All datasets generated and/or analyzed during the current study are presented in this article or the accompanying Source Data or Supplementary Information files will be available from the corresponding authors upon request. 111 Deep whole-exome sequencing data produced in the current study have been deposited in the NCBI Sequence Read Archive (SRA) with accession number PRJNA532465. Targeted amplicon sequencing data for randomly chosen validation process and confirmation of putative pathogenic variant of PIN1 (c.477C>T) are deposited in the SRA with accession numbers PRJNA532989 and PRJNA532992, respectively. The source data underlying Figs. 1c–g, 3a, 3d–f and Supplementary Figs. 1c, 4b–d, 7a, 8a–c, 10a–c, 11a and 12a–b are provided as a Source Data file.
Biesecker, L. G. & Spinner, N. B. A genomic view of mosaicism and human disease. Nat. Rev. Genet. 14, 307 (2013).
Maynard, S., Fang, E. F., Scheibye-Knudsen, M., Croteau, D. L. & Bohr V. A. DNA damage, DNA repair, aging, and neurodegeneration. Cold Spring Harb. Perspect. Med. 5, https://doi.org/10.1101/cshperspect.a025130 (2015).
Wang, X. et al. Oxidative stress and mitochondrial dysfunction in Alzheimer’s disease. Biochim. Biophys. Acta 1842, 1240–1247 (2014).
Lim, J. S. et al. Brain somatic mutations in MTOR cause focal cortical dysplasia type II leading to intractable epilepsy. Nat. Med. 21, 395 (2015).
Lee, J. H. et al. Human glioblastoma arises from subventricular zone cells with low-level driver mutations. Nature 560, 243–247 (2018).
Qiu, C., Kivipelto, M. & von Strauss, E. Epidemiology of Alzheimer’s disease: occurrence, determinants, and strategies toward intervention. Dialog. Clin. Neurosci. 11, 111–128 (2009).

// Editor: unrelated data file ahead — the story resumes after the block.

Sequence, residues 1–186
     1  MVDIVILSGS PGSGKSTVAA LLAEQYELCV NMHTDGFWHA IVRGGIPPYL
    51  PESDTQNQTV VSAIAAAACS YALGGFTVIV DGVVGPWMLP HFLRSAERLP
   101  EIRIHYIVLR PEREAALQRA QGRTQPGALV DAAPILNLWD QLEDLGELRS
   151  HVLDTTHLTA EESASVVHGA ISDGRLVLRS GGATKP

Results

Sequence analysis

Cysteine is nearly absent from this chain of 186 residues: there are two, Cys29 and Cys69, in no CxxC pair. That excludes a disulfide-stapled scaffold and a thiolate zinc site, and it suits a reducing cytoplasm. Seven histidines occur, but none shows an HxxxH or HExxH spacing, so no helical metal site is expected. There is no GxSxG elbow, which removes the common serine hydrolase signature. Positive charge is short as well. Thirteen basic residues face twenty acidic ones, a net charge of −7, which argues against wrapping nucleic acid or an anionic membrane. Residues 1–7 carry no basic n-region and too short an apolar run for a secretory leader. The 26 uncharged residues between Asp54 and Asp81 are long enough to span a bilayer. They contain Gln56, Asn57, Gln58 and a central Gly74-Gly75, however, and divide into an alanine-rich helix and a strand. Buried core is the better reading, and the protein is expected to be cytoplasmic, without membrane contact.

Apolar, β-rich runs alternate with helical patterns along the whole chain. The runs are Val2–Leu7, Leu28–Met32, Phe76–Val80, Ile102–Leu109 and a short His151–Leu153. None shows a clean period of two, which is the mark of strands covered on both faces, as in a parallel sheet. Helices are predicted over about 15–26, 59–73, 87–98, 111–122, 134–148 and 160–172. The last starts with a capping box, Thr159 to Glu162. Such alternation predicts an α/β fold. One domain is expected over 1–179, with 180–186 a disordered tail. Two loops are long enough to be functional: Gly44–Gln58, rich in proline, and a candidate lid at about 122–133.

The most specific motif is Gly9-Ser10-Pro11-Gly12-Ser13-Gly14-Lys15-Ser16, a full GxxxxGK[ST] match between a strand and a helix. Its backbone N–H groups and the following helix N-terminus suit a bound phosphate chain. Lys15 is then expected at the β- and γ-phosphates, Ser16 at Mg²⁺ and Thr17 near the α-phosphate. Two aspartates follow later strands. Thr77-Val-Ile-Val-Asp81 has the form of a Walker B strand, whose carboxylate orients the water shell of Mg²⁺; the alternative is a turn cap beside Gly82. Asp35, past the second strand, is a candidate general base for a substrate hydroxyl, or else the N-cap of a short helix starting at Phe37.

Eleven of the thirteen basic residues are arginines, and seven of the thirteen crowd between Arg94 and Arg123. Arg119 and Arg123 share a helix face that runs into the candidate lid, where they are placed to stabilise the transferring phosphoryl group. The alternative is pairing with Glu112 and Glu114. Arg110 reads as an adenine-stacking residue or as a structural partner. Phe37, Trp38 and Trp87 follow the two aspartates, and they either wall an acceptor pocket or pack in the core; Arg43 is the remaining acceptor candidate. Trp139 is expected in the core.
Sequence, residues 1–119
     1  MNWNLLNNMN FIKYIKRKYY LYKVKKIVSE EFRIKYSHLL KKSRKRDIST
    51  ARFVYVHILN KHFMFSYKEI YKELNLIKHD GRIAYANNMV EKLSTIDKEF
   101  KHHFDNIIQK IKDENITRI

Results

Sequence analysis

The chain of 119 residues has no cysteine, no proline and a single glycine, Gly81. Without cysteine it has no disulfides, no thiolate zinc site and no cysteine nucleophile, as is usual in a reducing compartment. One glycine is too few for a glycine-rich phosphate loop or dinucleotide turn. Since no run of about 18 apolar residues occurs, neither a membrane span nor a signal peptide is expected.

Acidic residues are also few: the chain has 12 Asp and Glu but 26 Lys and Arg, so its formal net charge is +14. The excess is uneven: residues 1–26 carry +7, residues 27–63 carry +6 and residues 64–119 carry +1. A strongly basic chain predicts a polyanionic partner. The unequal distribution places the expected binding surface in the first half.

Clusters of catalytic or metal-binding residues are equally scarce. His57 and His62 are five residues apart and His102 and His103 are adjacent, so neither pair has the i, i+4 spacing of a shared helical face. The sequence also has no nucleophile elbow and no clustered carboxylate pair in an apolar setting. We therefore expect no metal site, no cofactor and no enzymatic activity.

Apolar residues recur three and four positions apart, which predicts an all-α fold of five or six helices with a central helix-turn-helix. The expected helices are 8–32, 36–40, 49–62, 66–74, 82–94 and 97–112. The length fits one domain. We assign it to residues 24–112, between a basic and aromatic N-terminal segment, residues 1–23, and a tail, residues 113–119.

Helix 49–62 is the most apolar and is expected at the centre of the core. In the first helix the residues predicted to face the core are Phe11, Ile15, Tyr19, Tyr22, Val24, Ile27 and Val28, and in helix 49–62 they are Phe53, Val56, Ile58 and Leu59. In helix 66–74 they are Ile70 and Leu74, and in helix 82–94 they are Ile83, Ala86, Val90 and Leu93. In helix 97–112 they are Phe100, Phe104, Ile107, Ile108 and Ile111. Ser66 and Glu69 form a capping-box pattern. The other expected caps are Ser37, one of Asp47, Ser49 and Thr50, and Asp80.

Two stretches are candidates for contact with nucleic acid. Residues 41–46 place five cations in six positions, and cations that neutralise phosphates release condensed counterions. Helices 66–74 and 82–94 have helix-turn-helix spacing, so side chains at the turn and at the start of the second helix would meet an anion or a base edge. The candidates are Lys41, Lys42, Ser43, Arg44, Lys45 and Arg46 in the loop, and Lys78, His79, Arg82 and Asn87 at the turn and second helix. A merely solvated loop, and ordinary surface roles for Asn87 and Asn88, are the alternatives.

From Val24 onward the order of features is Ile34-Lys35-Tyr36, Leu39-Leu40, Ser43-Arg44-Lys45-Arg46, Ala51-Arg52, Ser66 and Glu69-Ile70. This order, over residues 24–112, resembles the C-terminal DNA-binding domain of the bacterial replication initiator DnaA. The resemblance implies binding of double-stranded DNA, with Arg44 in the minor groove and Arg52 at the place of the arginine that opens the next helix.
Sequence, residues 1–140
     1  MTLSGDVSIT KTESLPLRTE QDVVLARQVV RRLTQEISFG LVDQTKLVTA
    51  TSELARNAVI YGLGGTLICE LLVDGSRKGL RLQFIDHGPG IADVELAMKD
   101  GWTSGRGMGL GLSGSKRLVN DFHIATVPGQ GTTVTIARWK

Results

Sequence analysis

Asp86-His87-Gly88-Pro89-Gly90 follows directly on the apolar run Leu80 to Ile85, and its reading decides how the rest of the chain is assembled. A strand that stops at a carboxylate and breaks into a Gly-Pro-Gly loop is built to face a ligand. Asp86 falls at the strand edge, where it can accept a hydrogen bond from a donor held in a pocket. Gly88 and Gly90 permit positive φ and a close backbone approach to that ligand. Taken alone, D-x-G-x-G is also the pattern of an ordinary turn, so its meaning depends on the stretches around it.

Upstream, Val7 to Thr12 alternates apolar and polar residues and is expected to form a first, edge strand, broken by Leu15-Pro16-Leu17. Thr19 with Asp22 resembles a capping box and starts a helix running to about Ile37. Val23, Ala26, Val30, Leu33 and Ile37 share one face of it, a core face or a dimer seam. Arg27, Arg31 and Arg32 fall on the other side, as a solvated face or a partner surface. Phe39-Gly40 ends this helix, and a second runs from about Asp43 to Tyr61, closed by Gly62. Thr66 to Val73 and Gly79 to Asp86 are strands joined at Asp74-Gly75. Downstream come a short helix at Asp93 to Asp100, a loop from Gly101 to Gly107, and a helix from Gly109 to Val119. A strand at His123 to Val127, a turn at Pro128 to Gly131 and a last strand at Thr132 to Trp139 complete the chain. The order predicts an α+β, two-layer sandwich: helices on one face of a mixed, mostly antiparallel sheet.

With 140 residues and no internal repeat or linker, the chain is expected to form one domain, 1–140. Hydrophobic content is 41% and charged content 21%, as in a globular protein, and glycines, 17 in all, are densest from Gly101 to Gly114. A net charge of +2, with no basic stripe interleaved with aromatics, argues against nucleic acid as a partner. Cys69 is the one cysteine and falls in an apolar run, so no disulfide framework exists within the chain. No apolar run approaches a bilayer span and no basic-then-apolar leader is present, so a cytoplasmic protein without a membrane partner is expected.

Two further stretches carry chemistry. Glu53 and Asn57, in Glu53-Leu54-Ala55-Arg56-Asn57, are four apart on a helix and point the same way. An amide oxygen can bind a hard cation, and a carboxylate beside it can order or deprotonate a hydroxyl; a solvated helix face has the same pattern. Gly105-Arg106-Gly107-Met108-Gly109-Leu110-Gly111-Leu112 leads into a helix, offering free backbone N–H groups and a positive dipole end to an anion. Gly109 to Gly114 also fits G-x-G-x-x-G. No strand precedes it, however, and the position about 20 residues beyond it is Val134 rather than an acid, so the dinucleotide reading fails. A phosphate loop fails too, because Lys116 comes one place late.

Serrano-Pozo, A., Frosch, M. P., Masliah, E. & Hyman, B. T. Neuropathological alterations in Alzheimer disease. Cold Spring Harb. Perspect. Med. 1, a006189–a006189 (2011).
Goate, A. et al. Segregation of a missense mutation in the amyloid precursor protein gene with familial Alzheimer’s disease. Nature 349, 704 (1991).
Sherrington, R. et al. Cloning of a gene bearing missense mutations in early-onset familial Alzheimer’s disease. Nature 375, 754 (1995).
Levy-Lahad, E. et al. Candidate gene for the chromosome 1 familial Alzheimer’s disease locus. Science 269, 973–977 (1995).
Kim, J., Basak, J. M. & Holtzman, D. M. The role of apolipoprotein E in Alzheimer’s disease. Neuron 63, 287–303 (2009).
Jonsson, T. et al. Variant of TREM2 associated with the risk of Alzheimer’s disease. N. Engl. J. Med. 368, 107–116 (2012).
Guerreiro, R. J., Gustafson, D. R. & Hardy, J. The genetic architecture of Alzheimer’s disease: beyond APP, PSENs and APOE. Neurobiol. Aging 33, 437–456 (2012).
Ridge, P. G. et al. Assessment of the genetic variance of late-onset Alzheimer’s disease. Neurobiol. Aging 41, 200.e213–200.e220 (2016).
Clavaguera, F. et al. Transmission and spreading of tauopathy in transgenic mouse brain. Nat. Cell Biol. 11, 909 (2009).
de Calignon, A. et al. Propagation of Tau pathology in a model of early Alzheimer’s disease. Neuron 73, 685–697 (2012).
Nelson, P. T. et al. Correlation of Alzheimer disease neuropathologic changes with cognitive status: a review of the literature. J. Neuropathol. Exp. Neurol. 71, 362–381 (2012).